Other topical uses include acne, sunburn if you have had too much sunlight, frostbite (it appears to prevent decreased blood flow), shingles, screening out x-ray radiation, psoriasis, preventing scarring, rosacea, warts, wrinkles from aging, and eczema.

Internally Aloe is showing real promise in the fight against AIDS, and the virus has become undetectable in some patients who used it on a regular basis, due to its immune system stimulant properties. It also seems to help prevent opportunistic infections in cases of HIV and AIDS. It appears to be of help in cancer patients including lung cancer by activating the white blood cells and promoting growth of non-cancerous cells.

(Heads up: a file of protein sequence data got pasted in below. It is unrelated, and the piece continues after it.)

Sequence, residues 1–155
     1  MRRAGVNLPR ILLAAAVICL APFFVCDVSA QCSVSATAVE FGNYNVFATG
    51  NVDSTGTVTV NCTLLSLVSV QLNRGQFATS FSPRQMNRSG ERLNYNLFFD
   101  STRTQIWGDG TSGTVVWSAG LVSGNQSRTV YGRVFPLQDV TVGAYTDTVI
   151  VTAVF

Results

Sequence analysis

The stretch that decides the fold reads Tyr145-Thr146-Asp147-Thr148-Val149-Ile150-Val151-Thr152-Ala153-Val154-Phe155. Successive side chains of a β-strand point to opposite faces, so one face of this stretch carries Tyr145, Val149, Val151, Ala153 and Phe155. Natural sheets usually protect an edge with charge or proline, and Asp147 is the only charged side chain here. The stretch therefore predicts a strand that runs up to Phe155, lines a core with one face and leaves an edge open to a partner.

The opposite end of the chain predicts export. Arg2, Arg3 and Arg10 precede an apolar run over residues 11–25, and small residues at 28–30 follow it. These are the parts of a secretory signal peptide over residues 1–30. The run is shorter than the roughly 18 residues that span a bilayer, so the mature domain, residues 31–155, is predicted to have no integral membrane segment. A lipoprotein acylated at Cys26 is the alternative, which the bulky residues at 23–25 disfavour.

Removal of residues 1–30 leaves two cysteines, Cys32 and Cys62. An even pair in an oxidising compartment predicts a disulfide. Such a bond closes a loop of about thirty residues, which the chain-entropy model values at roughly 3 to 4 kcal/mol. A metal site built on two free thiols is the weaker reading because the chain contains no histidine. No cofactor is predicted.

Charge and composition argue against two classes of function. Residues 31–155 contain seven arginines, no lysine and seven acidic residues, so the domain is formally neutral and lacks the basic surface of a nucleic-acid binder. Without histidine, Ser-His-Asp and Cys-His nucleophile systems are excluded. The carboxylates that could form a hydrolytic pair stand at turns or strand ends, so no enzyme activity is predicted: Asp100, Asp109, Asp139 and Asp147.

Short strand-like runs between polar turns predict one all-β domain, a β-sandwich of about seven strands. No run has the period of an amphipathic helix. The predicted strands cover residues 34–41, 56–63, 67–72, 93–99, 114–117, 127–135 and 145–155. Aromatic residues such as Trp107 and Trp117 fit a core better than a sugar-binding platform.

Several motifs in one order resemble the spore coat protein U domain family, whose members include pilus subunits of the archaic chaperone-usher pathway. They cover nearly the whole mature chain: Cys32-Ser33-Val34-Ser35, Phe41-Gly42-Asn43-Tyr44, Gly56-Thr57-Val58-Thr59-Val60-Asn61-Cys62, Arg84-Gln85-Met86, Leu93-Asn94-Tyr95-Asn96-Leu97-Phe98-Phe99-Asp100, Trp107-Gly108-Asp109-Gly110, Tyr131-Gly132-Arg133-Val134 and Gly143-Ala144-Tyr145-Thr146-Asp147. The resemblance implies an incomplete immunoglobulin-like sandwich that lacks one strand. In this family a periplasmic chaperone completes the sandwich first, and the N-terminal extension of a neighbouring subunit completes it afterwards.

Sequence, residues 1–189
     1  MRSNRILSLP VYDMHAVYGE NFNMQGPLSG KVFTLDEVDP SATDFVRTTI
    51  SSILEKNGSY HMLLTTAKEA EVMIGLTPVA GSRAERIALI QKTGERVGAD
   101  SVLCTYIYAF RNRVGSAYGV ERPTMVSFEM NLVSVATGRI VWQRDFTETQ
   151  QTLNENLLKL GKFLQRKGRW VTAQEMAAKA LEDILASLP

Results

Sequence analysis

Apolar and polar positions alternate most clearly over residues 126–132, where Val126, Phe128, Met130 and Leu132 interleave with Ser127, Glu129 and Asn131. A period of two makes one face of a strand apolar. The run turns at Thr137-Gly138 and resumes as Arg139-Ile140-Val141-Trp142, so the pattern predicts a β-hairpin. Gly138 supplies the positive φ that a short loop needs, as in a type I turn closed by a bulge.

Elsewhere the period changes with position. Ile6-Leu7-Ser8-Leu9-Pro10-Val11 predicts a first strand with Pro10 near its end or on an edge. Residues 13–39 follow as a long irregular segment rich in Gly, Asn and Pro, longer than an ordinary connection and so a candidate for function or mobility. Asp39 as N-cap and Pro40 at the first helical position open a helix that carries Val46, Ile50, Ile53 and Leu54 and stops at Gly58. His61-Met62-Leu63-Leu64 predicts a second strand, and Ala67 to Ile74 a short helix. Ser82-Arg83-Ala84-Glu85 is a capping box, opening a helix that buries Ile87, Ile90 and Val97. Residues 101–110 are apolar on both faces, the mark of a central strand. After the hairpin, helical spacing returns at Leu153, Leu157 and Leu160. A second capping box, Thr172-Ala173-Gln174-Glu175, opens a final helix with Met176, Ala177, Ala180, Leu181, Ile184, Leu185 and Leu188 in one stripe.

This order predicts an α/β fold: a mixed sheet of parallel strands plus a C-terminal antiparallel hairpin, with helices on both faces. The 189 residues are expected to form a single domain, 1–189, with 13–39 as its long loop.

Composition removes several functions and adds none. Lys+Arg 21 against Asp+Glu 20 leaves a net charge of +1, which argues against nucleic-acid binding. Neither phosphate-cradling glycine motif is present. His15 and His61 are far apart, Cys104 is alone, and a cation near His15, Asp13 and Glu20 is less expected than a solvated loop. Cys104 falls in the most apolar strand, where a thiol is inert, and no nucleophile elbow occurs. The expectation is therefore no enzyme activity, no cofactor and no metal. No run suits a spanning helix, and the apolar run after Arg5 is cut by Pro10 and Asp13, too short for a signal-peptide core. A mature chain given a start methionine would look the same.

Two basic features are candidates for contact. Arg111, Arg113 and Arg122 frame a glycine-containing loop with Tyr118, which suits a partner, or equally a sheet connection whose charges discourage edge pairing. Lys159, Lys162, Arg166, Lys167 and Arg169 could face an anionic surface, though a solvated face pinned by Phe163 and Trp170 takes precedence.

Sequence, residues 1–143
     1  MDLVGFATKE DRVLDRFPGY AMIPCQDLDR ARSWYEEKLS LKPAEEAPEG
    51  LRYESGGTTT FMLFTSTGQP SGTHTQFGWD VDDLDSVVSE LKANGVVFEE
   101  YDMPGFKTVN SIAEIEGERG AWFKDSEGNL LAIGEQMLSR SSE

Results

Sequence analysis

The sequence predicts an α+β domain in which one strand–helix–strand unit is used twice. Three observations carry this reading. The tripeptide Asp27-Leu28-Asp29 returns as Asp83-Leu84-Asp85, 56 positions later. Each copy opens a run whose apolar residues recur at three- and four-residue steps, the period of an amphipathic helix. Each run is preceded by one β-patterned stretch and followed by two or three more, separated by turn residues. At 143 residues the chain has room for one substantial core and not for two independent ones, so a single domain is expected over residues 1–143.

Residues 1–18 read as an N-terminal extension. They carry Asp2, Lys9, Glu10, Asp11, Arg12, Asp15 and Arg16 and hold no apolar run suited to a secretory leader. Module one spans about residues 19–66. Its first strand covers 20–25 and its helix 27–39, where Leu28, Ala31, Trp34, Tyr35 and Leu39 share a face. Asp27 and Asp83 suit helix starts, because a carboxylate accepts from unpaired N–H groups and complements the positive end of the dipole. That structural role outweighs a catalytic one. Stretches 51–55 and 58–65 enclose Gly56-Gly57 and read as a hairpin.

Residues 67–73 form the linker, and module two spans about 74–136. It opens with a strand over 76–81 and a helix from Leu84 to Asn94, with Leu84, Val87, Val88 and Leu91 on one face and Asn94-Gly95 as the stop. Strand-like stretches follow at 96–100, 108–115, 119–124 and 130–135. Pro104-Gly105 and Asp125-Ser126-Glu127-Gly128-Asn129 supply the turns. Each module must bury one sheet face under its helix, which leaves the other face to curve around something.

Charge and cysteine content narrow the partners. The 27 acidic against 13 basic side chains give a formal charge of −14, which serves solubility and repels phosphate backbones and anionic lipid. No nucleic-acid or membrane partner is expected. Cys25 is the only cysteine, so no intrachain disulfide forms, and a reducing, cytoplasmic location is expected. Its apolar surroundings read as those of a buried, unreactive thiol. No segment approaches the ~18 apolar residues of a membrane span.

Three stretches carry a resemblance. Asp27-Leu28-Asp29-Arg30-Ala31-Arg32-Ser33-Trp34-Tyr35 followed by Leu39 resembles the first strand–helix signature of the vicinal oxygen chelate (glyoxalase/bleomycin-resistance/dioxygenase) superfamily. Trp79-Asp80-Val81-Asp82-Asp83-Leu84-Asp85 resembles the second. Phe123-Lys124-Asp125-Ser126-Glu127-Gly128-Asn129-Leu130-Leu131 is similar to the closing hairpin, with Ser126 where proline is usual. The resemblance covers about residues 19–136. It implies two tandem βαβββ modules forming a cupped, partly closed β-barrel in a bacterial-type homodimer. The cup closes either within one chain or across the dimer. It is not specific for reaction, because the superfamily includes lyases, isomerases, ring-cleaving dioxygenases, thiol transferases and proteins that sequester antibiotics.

The National Cancer Institute has included Aloe in their recommendations for increased testing because of these apparent cancer fighting properties.

Taken orally Aloe also appears to work on heartburn, arthritis and rheumatism pain and asthma, and studies have shown that it has an effect on lowering blood sugar levels in diabetics.

Other situations in which it appears to work when taken internally include congestion, intestinal worms, indigestion, stomach ulcers, colitis, haemorrhoids, liver problems such as cirrhosis and hepatitis, kidney infections, urinary tract infections, prostate problems, and as a general detoxifier. People who take Aloe internally report just feeling better overall which is in itself something of a testament to its remarkable properties.

Aloe Vera leaves
Aloe Vera leaves